Page last updated: Thursday, June 18, 2009
UK parents are leaving it too late to educate their children about alcohol
Parents are confused about when to talk to their children about alcohol, according to new research by The Drinkaware Trust (Drinkaware).

40% of parents said they would proactively teach their children about alcohol and thought the right age to do this was at around 14 and a half, but according to 16 and 17 year olds, this is 12 months later than the time young people, on average, start drinking.

According to research conducted by ICM, the average age children have their first alcoholic drink is 13 and a half years and by just over 14, hundreds of young people have been drunk for the first time. England’s Chief Medical Officer estimates that 360,000 11-15 year olds get drunk on a weekly basis.

While parents are confident they can talk to their children about alcohol, many do not have the information and advice they need. Drinkaware is encouraging parents to make sure they are well informed when they guide their children about responsible drinking. The charity has set up a series of round-table discussions with senior figures from the alcohol industry and government, health and parenting professionals and young people themselves to tackle underage drinking head on.

The research questioning 16 and 17 year olds also showed that:

51% listen to their parents about drinking alcohol;

78% drink regularly at friends’ houses;

44% keep alcohol at home;

60% see drinking as a normal part of socialising and being young;

Almost half (49%) said they had seen their parents drunk.

Drinkaware’s CEO, Chris Sorek said: “There are strong links between drinking high levels of alcohol and youth offending, teenage pregnancy, truancy and exclusion from school, so it’s absolutely imperative that parents and young people can get all the available facts about alcohol.”

To help parents talk to their children about alcohol, Drinkaware recommends the following tips for parents:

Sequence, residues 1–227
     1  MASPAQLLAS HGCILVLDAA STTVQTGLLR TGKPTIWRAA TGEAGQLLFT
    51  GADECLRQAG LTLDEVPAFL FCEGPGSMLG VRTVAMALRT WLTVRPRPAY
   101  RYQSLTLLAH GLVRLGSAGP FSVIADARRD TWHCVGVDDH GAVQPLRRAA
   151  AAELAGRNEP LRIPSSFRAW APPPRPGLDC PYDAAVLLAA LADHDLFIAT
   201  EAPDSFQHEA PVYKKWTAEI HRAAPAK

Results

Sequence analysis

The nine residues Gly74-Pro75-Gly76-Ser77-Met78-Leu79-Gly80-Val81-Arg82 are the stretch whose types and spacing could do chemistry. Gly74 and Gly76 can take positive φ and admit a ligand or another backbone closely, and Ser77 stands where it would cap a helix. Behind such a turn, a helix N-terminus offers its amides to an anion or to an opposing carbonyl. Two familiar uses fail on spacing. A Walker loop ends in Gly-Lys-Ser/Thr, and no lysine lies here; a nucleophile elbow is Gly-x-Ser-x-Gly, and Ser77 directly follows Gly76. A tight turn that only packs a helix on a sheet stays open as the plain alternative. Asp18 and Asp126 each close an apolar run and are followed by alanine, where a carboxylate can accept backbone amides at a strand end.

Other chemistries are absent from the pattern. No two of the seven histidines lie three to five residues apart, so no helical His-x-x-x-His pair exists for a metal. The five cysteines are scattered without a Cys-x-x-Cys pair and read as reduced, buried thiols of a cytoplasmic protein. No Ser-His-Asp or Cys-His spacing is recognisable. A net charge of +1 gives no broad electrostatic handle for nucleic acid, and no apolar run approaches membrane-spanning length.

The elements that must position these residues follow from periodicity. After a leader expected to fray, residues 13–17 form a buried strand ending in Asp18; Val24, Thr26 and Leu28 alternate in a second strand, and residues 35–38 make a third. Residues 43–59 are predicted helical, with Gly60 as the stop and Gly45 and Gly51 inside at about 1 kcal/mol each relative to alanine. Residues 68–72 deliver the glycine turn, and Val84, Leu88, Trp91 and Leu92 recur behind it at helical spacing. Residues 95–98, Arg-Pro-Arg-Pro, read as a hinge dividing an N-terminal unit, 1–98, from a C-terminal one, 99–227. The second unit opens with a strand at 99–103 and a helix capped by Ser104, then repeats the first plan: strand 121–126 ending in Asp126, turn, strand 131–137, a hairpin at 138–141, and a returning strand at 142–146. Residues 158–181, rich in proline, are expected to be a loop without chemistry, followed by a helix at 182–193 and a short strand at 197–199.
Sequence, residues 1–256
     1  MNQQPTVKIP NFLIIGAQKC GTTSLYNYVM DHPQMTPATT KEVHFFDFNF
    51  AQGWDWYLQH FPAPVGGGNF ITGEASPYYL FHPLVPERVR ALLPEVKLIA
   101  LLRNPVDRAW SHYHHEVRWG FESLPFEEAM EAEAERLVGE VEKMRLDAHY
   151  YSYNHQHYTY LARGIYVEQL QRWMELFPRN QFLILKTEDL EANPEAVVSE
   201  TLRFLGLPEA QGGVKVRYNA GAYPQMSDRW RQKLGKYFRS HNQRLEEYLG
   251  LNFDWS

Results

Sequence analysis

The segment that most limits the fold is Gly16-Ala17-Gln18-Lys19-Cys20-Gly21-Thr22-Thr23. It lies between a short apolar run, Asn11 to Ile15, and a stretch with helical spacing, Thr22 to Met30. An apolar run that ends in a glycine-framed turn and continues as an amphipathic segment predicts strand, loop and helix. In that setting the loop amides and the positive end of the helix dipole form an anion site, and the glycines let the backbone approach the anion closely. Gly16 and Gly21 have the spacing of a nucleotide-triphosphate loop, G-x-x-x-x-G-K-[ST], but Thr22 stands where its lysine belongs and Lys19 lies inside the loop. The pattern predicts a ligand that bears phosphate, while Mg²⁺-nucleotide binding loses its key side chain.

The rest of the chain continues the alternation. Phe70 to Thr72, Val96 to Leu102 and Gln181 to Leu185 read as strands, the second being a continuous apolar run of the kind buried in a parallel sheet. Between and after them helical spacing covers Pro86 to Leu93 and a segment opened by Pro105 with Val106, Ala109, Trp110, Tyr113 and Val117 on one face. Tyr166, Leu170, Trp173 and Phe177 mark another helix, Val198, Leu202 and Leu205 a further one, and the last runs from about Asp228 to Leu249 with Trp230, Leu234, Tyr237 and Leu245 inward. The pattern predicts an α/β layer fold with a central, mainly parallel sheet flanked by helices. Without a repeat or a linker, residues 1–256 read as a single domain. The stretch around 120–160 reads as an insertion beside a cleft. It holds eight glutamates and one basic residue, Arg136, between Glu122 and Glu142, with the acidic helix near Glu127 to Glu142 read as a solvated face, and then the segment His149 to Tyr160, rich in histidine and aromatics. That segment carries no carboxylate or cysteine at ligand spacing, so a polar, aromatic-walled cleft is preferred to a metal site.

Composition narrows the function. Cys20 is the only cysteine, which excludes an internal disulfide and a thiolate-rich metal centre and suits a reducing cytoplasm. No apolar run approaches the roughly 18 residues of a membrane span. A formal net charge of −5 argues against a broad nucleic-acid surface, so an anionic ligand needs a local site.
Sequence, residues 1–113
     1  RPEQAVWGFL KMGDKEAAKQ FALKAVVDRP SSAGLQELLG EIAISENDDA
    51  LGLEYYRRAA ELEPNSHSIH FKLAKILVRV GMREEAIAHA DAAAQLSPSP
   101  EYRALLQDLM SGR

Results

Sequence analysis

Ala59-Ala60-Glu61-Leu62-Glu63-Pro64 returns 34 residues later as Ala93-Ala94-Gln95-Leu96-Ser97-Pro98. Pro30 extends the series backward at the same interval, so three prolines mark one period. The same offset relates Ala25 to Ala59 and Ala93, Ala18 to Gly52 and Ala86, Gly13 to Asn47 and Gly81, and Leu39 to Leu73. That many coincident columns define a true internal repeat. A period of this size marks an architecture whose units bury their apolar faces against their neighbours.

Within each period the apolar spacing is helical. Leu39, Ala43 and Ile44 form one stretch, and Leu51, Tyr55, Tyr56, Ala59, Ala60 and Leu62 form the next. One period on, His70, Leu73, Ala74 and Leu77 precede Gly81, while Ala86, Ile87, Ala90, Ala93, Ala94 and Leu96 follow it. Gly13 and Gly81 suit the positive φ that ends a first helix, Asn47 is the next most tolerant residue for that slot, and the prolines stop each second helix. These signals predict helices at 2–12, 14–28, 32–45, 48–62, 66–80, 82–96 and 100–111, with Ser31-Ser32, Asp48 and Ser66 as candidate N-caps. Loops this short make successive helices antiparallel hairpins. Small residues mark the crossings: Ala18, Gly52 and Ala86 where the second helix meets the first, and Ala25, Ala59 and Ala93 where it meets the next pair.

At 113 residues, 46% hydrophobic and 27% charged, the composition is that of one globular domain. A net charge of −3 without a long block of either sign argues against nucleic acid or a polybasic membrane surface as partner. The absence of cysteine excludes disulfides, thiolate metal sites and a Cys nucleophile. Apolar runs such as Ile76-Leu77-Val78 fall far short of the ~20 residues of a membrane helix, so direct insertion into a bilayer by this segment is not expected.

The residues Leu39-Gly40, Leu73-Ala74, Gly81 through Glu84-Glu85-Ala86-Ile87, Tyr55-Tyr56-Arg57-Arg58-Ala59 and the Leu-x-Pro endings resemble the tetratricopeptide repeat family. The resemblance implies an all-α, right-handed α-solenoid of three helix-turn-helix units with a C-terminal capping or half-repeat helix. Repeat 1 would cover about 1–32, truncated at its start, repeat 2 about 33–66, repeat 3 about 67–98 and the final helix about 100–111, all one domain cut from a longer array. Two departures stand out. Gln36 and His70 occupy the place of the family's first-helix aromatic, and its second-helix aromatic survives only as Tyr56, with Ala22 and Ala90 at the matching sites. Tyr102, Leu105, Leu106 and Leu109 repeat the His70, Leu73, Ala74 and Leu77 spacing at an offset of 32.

Be open with your children about alcohol - explain the pros and cons of drinking, without lecturing. Let them ask questions and tell them they can speak to you any time. Warn them especially about how easy it is for inexperienced drinkers to go over their limits, make a fool of themselves and compromise their safety.

Try not to shout and lecture your children if they come home drunk. Sit them down and talk to them about it calmly at another time. Getting angry could make them more deceptive the next time they drink, and it’s better for you if you know where your child is and what they’re doing.

Lead by example. If you often drink heavily in front of your children, they’ll think its ok to do the same.


Parents are confused about when to talk to their children about alcohol, according to new research by The Drinkaware Trust (Drinkaware).

40% of parents said they would proactively teach their children about alcohol and thought the right age to do this was at around 14 and a half, but according to 16 and 17 year olds, this is 12 months later than the time young people, on average, start drinking.

According to research conducted by ICM, the average age children have their first alcoholic drink is 13 and a half years and by just over 14, hundreds of young people have been drunk for the first time. England’s Chief Medical Officer estimates that 360,000 11-15 year olds get drunk on a weekly basis.

While parents are confident they can talk to their children about alcohol, many do not have the information and advice they need. Drinkaware is encouraging parents to make sure they are well informed when they guide their children about responsible drinking. The charity has set up a series of round-table discussions with senior figures from the alcohol industry and government, health and parenting professionals and young people themselves to tackle underage drinking head on.

The research questioning 16 and 17 year olds also showed that:

51% listen to their parents about drinking alcohol;

78% drink regularly at friends’ houses;

44% keep alcohol at home;

60% see drinking as a normal part of socialising and being young;

Almost half (49%) said they had seen their parents drunk.

Drinkaware’s CEO, Chris Sorek said: “There are strong links between drinking high levels of alcohol and youth offending, teenage pregnancy, truancy and exclusion from school, so it’s absolutely imperative that parents and young people can get all the available facts about alcohol.”

To help parents talk to their children about alcohol, Drinkaware recommends the following tips for parents:

Be open with your children about alcohol - explain the pros and cons of drinking, without lecturing. Let them ask questions and tell them they can speak to you any time. Warn them especially about how easy it is for inexperienced drinkers to go over their limits, make a fool of themselves and compromise their safety.

Try not to shout and lecture your children if they come home drunk. Sit them down and talk to them about it calmly at another time. Getting angry could make them more deceptive the next time they drink, and it’s better for you if you know where your child is and what they’re doing.

Lead by example. If you often drink heavily in front of your children, they’ll think its ok to do the same.

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